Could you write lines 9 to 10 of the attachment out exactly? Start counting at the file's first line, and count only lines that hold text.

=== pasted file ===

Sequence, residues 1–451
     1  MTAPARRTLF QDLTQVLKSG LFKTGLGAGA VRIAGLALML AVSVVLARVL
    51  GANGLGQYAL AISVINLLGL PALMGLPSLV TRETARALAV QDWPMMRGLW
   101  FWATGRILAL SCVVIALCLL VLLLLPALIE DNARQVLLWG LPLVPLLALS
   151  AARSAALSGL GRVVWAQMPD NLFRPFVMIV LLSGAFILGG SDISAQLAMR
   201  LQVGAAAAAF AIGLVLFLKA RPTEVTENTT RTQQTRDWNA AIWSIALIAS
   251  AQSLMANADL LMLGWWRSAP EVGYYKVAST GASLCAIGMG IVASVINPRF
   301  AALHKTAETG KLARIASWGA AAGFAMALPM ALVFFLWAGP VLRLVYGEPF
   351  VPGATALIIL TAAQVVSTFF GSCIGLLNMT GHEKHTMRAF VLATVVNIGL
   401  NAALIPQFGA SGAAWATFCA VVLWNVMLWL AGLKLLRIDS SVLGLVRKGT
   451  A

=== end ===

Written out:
   351  VPGATALIIL TAAQVVSTFF GSCIGLLNMT GHEKHTMRAF VLATVVNIGL
   401  NAALIPQFGA SGAAWATFCA VVLWNVMLWL AGLKLLRIDS SVLGLVRKGT